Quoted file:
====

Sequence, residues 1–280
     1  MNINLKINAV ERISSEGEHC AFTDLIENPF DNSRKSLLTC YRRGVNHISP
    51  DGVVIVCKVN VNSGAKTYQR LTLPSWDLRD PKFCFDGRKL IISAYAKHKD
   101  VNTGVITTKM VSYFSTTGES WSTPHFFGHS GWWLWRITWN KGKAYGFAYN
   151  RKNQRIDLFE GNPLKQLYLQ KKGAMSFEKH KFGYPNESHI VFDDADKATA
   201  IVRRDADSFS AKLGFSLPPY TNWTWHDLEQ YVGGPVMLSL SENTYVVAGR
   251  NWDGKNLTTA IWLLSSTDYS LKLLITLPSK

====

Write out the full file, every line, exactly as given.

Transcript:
Sequence, residues 1–280
     1  MNINLKINAV ERISSEGEHC AFTDLIENPF DNSRKSLLTC YRRGVNHISP
    51  DGVVIVCKVN VNSGAKTYQR LTLPSWDLRD PKFCFDGRKL IISAYAKHKD
   101  VNTGVITTKM VSYFSTTGES WSTPHFFGHS GWWLWRITWN KGKAYGFAYN
   151  RKNQRIDLFE GNPLKQLYLQ KKGAMSFEKH KFGYPNESHI VFDDADKATA
   201  IVRRDADSFS AKLGFSLPPY TNWTWHDLEQ YVGGPVMLSL SENTYVVAGR
   251  NWDGKNLTTA IWLLSSTDYS LKLLITLPSK